What Is Strauss-Howe Generational Theory?

Posted on by Bill Powers

Strauss-Howe Generational Theory is another esoteric concept that I stumbled across while doing research for a storyline. It’s a little complicated, so stick with me.

The theory was created by authors William Strauss and Neil Howe and refers to what they describe as a recurring generational cycle in American history. In their 1997 book, The Fourth Turning, the authors expanded the theory to focus on a fourfold cycle of generational types and recurring mood eras in American history. The theory was developed to describe the history of the United States, the 13 colonies and their British antecedents, but has since been expanded to generational trends elsewhere in the world and identified similar cycles in other developed countries.

With that said – it is a theory. Take what you want from it.

Historical cycles, according to Strauss-Howe, consist of four turnings that repeat for each cycle. Each cycle has thematically similar turnings, which they typify as:

  • The High (which follows the crisis that ended the previous cycle). Strong institutions and social collectivism, and weak individualism typify this period.
  • The Awakening. This period is typified by increasing personal and spiritual autonomy of people. During this period social institutions may be attacked, impeding public progress.
  • The Unraveling. Weak institutions that are distrusted typify this period. During this period, individualism is strong and flourishing.
  • The Crisis. This is an era of societal destruction, e.g. through war, where institutional life is destroyed. However, as this period ends, institutions will be rebuilt. Society will rediscover the benefits of being part of a collective, and community purpose will take precedence again.

A single historical cycle of “four turnings” is believed to take roughly 80-90 years. Strauss-Howe define this period as a “Saeculum”, which is a Latin word translated into English as “century”, but which originally meant “the span of a long human life”.

If you look at the definition of “Saeculum”, it is defined as a length of time roughly equal to the potential lifetime of a person or the equivalent of the complete renewal of human population or the span of living human memory. Originally it meant the period of time from the moment that something happened (for example war) until the point in time that all people who had lived at the first moment had died. At that point a new saeculum would begin. A saeculum is not normally used for a fixed amount of time, in common usage it stands for about 90 years. It can be divided into four “seasons” of approximately 22 years each; these seasons represent youth, rising adulthood, midlife, and old age.

 

 

The following table shows the last Four Saeculum and the Turnings for the last two:

Generation (years) Type Birth Years Formative Era

 

Revolutionary Saeculum (90)  1701-1791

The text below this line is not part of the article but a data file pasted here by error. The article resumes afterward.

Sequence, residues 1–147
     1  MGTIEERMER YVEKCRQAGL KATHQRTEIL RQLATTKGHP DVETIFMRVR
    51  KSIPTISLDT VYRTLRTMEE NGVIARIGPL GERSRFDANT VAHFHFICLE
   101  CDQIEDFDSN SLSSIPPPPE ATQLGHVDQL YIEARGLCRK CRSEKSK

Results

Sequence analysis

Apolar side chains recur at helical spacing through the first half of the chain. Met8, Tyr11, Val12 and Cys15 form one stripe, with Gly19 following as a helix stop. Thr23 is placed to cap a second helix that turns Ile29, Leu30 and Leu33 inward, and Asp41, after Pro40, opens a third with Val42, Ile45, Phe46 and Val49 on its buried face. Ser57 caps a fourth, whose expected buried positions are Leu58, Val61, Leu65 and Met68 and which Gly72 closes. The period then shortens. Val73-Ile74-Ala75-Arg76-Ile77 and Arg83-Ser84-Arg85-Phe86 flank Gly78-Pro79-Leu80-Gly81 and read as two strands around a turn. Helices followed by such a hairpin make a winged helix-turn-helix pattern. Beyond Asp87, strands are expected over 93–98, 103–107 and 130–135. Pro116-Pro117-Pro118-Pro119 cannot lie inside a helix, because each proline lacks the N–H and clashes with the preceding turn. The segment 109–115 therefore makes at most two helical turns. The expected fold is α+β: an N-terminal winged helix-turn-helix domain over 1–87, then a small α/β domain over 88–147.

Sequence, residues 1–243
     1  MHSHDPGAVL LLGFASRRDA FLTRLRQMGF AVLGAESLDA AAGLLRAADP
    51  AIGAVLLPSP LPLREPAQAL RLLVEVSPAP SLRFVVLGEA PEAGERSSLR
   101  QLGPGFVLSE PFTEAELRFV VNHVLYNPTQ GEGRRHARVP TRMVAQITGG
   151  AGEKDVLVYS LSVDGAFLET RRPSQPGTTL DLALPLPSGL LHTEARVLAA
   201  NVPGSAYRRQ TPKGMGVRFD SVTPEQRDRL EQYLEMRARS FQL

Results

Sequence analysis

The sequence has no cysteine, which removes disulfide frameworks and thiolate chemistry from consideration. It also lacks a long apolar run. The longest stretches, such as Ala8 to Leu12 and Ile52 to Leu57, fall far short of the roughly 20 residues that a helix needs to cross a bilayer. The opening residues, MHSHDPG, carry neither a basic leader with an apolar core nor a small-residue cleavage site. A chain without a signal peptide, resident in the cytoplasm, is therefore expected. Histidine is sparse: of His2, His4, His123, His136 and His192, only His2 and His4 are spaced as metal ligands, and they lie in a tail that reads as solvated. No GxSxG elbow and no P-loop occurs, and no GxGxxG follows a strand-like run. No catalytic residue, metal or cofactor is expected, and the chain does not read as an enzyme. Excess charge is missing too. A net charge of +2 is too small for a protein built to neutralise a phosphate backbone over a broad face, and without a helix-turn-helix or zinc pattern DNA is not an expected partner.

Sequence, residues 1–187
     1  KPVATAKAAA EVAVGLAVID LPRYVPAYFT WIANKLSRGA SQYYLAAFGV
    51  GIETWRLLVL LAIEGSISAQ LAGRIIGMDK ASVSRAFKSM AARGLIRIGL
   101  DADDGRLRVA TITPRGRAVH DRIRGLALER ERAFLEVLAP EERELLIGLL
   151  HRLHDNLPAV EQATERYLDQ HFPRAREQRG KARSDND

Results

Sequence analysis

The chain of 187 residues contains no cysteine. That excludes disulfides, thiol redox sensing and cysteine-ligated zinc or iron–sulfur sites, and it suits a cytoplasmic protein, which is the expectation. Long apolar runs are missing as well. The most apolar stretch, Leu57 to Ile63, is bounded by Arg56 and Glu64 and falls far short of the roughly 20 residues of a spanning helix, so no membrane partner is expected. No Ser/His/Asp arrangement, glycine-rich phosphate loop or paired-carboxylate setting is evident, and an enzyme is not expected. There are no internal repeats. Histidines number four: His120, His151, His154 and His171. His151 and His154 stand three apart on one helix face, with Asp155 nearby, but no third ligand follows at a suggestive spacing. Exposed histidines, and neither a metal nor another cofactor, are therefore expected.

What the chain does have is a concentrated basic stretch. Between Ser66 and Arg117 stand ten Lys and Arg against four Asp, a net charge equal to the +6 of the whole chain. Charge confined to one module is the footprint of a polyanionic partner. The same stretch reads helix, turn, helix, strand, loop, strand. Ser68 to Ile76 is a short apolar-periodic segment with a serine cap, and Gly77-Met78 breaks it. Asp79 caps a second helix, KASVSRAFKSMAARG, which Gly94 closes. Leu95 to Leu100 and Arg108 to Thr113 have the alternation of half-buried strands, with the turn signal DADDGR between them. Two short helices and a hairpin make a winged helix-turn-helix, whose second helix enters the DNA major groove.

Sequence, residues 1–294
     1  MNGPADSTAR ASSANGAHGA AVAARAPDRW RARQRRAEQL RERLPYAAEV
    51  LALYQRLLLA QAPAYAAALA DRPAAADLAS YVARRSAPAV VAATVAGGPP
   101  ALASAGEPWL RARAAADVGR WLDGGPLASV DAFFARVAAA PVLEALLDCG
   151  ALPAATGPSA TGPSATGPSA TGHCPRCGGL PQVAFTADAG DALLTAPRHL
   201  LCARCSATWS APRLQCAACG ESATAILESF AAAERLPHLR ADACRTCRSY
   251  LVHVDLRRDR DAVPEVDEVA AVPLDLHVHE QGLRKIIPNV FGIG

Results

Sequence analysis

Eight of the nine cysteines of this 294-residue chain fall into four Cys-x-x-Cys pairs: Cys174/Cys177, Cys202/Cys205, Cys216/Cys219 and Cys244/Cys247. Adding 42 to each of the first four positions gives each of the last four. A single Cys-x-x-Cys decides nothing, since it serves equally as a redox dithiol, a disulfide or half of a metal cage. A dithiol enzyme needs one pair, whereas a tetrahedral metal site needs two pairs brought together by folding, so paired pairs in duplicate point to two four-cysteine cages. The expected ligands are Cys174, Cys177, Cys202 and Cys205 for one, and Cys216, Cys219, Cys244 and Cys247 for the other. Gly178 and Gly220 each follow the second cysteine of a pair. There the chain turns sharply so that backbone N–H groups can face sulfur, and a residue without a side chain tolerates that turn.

Civil War Saeculum (67)  1792-1859
Great Power Saeculum (85)  1860-1942

 

Missionary Generation Prophet (Idealist) 1860-1882 (22) High: Reconstruction/Gilded Age
Lost Generation Nomad (Reactive) 1883-1900 (17) Awakening: Missionary Awakening
GI Generation Hero (Civic) 1901-1924 (23) Unraveling: World War I Prohibition
Silent Generation Artist (Adaptive) 1925-1942 (17) Crisis: Great Depression/World War II
Millennial Saeculum (69+) Now
Baby Boom Generation Prophet (Idealist) 1943-1960 (17) High: Superpower America
Generation X Nomad (Reactive) 1961-1981 (20) Awakening: Consciousness Revolution
Millennial Generation Hero (Civic) 1982-2004 (22) Unraveling: Culture Wars, Postmodernism
Homeland Generation Artist (Adaptive) 2005-present Crisis: Great Recession, War on Terror

 

According to Strauss-Howe, America is now in a Crisis Cycle, where institutions will be destroyed and rebuilt. Sound familiar?

I find Strauss-Howe fascinating and will give you a list for further reading if you choose. But why was I interested?

What if certain aspects of a significant historical event of the mid 20th century occurred very differently than that historically portrayed? We are nearing the end of the Saeculum after which historical memory will began to die. That “what if”, is part of a storyline and began my fascination with Saeculum and Strauss-Howe Generational Theory.

References:

  • Howe, Neil; Strauss, William (1997). The Fourth Turning: What the Cycles of History Tell Us About America’s Next Rendezvous with Destiny. New York: Broadway Books.
  • Howe, Neil; Strauss, William (1991). Generations: The History of America’s Future, 1584 to 2069. New York: William Morrow & Company.
  • Howe, Neil; Strauss, William (2000). Millennials Rising: The Next Great Generation. Knopf Doubleday Publishing Group.
This entry was posted in Author Bill Powers, Bill Powers, Psychology. Bookmark the permalink.

Leave a Reply

Your email address will not be published. Required fields are marked *

  • Keep up to date

From the Blog

Evolution of “The Pharm House”

How did I come up with the story and title for The Pharm House?  My first attempt at writing a …